Attack vectors - Vault LOCKED vs UNLOCKED

Of course, if a threat actor gains physical access while a vault is unlocked the number of ways they can then exploit the vault are endless.

Let’s remove physical access as a possibility.

In what way can an attacker exploit an unlocked vault?

In what ways can an attacker exploit a locked vault?

I think you may have to differentiate academic/targeted attacks from common malware attacks as well. Academic and common malware often have descriptions, sometimes possibly incomplete, whereas targeted attacks are left to what is technically possible, and to your imaginations (exploits, chain of exploits, zero-day exploits, etc.)

The common malware attacks on PCs that are related to Bitwarden are: encrypted vault exfiltration, keylogging, and clipboard sniffing. Encrypted vault exfiltration without keylogging exposes vaults with weak master passwords and with PIN-locked, password not required on restart, configuration. Encrypted vault exfiltration with keylogging possibly exposes everything. Clipboard sniffing without keylogging is probably confined to crypto-asset thefts, but possibly exposes credentials, one at a time, for people using copy-and-paste.

I am not as familiar with extension malware, but I can imagine them stealing one credential at a time, or the entire online vault with no 2FA/weaker 2FA.

Android malware without additional exploits seems rather limited. It appears to me you can capture one screen at a time, with the password being shown.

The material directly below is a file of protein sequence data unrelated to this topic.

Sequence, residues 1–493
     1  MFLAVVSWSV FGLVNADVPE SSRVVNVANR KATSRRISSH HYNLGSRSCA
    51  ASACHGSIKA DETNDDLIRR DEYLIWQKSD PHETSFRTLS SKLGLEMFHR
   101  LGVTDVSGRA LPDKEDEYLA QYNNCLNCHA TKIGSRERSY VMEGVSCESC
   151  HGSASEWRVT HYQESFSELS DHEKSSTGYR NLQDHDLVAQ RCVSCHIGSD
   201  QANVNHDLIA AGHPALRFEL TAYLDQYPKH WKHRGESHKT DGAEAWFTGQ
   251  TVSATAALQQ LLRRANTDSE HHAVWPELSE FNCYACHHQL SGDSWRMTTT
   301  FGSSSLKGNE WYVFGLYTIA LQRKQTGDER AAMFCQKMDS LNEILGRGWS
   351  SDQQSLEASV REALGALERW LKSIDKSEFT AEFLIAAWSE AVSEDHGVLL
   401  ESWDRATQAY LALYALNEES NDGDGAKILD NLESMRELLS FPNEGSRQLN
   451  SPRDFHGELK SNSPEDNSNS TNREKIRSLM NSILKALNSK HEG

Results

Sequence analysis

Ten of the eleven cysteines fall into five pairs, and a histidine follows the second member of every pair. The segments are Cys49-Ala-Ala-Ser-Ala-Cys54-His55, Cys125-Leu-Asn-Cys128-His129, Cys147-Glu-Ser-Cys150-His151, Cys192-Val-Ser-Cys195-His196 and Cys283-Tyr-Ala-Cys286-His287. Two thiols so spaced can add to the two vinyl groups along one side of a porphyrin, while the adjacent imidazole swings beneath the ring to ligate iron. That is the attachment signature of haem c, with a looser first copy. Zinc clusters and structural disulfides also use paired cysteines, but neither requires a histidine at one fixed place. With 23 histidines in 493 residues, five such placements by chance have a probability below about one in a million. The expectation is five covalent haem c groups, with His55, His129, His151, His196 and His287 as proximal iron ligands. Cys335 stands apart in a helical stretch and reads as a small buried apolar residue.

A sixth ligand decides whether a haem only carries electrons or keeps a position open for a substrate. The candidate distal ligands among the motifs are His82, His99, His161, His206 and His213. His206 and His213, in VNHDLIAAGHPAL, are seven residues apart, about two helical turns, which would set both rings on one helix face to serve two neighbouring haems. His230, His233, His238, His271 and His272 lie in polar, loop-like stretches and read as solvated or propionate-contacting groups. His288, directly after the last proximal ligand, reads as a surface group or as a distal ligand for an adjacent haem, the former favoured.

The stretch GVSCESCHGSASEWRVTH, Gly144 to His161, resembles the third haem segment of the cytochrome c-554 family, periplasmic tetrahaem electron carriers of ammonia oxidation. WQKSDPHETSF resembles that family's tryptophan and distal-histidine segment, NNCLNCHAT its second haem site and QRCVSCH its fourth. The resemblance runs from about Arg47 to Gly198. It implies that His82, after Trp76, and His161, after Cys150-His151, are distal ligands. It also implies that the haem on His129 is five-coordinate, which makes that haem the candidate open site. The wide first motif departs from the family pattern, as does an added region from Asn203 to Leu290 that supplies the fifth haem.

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I will make the following assumptions:

  • We are only discussing attacks that are carried out with today’s technology (i.e., “harvest now/decrypt later” using quantum computers of the future is not included in the threat model).
  • Your master password was randomly generated, and has at least 50 bits of entropy (if the first assumption is not valid, then this minimum entropy threshold will need to be adjusted accordingly).
  • Your master password is unique (not used for purposes other than unlocking or logging into your Bitwarden apps), and confidential (never disclosed to others — including the ability to resist or avoid social engineering and “five dollar wrench” attacks).
  • You have not disabled the security option “Lock with master password on restart” when locking the vault with a PIN or biometrics.
  • You have not set the Vault Timeout to “Never”


They cannot. Under the assumptions given above, the unlocked vault is uncrackable; thus, even if the encrypted vault cache is stolen from your local device, it will be of practically no value to the attacker (at worst, they will get your email address and be able to send you spam emails).

The biggest vulnerability will be a (hypothetical) info-stealer malware that exfiltrates the contents of Bitwarden’s process memory, thereby gaining access to the decrypted contents of your entire vault. It is also possible for credentials to be stolen one-by-one as they are used, either by scraping clipboard contents, taking screenshots, or through XSS attacks using hidden form fields on the webistes you visit.

In addition to the two states that you have asked about (locked vs. unlocked), you are also vulnerable during the unlock process. When logging into or unlocking a locked vault, you would be at risk of phishing or AiTM attacks, as well as key-loggers or malware that steals session tokens.